Five things the Oakland Raiders must address after the bye

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October 11, 2015; Oakland, CA, USA; Oakland Raiders quarterback Derek Carr (4) hands off to running back Latavius Murray (28) against the Denver Broncos during the first quarter at Coliseum. Mandatory Credit: Kyle Terada-USA TODAY Sports

Make Improvements in the Run Game

In the two games prior to their bye, Murray had carried the ball 28 times for just 88 yards. Though this could be explained in part to an apparent shoulder injury Murray has been playing through, Oakland’s inability to move the ball on the ground begins with the offensive line.

According to Pro Football Focus, Gabe Jackson is the only Oakland offensive linemen with an above-average run blocking grade through five games.

With the season-ending injury to Menelik Watson, Oakland ultimately has no choice but to deal with right tackle Austin Howard’s inconsistencies in both the run and pass game. While he has flashed at times, he still struggles to properly execute on the back side of runs and can’t seem to effectively seal the edge on runs designed to go to the outside.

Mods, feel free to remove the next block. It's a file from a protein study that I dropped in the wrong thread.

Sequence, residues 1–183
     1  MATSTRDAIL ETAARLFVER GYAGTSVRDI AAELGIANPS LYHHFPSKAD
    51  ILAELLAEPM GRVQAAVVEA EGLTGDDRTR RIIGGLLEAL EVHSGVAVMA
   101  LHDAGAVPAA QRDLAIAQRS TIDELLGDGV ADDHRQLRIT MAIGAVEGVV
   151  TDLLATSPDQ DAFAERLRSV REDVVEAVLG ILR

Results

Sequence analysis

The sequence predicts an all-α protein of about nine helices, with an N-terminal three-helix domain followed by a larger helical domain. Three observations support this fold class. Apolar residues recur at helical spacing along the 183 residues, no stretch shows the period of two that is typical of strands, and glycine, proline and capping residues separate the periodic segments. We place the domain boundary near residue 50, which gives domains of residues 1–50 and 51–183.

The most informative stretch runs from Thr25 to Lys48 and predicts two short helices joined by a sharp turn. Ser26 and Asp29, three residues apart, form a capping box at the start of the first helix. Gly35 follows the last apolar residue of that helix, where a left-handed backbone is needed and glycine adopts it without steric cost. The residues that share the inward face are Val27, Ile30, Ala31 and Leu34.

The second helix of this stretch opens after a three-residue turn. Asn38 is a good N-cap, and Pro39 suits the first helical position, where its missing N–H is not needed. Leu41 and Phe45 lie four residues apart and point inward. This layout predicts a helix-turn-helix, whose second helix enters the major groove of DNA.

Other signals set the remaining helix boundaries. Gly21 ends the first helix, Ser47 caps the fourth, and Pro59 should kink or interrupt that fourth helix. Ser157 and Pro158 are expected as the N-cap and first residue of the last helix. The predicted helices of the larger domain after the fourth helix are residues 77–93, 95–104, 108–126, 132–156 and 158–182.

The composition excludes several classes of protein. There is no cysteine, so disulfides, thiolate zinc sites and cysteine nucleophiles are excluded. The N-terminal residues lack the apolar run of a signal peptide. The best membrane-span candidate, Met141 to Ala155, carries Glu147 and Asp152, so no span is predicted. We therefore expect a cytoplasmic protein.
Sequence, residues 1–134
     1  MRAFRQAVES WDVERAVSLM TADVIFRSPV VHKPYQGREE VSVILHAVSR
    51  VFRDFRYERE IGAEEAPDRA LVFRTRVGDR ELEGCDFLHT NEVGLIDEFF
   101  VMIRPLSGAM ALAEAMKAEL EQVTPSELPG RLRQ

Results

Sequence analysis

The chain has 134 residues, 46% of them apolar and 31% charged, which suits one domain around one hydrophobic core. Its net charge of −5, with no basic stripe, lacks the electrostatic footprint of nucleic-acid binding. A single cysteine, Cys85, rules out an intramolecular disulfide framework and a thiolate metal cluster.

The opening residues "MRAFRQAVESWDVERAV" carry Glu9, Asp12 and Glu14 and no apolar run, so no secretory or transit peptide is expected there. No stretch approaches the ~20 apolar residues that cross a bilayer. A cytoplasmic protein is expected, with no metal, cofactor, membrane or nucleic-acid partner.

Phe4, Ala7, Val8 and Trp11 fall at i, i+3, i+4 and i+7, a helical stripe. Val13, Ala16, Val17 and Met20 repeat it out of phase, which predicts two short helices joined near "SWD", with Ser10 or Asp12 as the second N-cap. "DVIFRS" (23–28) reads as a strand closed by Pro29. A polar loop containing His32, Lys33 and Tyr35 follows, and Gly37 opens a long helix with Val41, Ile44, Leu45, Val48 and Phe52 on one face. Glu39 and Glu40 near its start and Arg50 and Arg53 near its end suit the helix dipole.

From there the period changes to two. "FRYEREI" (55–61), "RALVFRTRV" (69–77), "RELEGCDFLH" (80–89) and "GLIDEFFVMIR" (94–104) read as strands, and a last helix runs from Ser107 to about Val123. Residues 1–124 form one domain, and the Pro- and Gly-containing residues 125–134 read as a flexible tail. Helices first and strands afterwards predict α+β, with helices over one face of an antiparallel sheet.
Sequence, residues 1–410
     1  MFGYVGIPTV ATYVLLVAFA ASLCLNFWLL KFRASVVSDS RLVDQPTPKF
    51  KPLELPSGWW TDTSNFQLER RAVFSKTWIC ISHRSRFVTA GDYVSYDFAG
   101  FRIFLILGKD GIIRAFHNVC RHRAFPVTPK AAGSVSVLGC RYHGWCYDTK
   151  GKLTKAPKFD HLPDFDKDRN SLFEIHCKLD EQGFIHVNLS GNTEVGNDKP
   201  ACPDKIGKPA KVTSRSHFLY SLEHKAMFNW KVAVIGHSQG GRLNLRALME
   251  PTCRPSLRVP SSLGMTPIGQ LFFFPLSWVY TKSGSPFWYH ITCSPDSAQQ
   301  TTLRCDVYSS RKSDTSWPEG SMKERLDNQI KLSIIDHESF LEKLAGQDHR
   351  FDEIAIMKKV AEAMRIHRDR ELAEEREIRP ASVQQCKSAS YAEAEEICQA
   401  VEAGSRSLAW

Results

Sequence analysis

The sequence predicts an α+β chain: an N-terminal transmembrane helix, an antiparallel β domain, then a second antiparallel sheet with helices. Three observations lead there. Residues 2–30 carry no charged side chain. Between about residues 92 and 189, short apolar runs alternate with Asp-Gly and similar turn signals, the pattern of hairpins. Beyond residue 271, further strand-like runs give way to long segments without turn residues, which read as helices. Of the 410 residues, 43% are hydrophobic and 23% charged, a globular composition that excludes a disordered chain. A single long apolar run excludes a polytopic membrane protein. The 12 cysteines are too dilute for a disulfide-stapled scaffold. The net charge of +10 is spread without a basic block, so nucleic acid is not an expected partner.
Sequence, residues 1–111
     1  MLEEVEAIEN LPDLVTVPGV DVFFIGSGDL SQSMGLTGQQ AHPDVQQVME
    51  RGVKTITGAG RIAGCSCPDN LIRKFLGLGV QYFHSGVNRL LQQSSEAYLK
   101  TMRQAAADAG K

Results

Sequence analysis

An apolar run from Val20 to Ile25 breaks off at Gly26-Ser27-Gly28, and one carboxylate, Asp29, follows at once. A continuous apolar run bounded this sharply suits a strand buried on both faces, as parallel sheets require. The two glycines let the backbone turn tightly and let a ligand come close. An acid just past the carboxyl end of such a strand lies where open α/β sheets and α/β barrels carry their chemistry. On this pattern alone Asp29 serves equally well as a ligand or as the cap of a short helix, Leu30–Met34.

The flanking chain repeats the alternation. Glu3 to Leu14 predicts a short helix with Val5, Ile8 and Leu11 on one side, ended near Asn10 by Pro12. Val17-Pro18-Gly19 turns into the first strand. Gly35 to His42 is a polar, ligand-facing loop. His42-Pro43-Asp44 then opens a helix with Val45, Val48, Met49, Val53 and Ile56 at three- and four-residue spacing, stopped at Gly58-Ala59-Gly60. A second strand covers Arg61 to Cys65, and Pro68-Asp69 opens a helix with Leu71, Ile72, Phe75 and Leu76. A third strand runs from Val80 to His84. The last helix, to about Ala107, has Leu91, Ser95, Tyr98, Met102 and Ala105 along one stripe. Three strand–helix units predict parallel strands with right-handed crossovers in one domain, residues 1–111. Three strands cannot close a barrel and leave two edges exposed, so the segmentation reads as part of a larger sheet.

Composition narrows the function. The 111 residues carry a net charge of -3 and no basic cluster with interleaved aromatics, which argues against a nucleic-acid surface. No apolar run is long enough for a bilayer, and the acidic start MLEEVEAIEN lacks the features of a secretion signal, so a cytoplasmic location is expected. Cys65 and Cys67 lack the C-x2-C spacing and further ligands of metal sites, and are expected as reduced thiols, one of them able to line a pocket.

J’Marcus Webb is another guy at fault, as he is currently the No. 93 overall guard according to Add to the fact that Webb is the only offensive linemen with a negative pass blocking grade for Oakland, and it may be time for Mike Tice to look for other options at right guard.

Fourth-round selection Jon Feliciano has yet to appear in the regular season, but he has reportedly been improving behind the scenes for Oakland during practice throughout the season. Though it is always difficult disrupting the rhythm of an offensive line, it’s tough to imagine that Feliciano does much worse than Webb at this point.

Another area that Oakland could address in wake of their struggles on the ground is their predictable play-calling, as Musgrave has visibly struggled to be creative with his play calls on the ground through five weeks.

According to Maurice Moton of, 71% of the running plays Musgrave has called have been in between the guards, 20% more than the league average.

Musgrave will likely address this issue given the amount of time he will have to self-evaluate his play calls in the beginning of the season, but he won’t be able to have the success he wants on the outside until his offensive line improves.

Next: Continue to Develop Rookies on Defense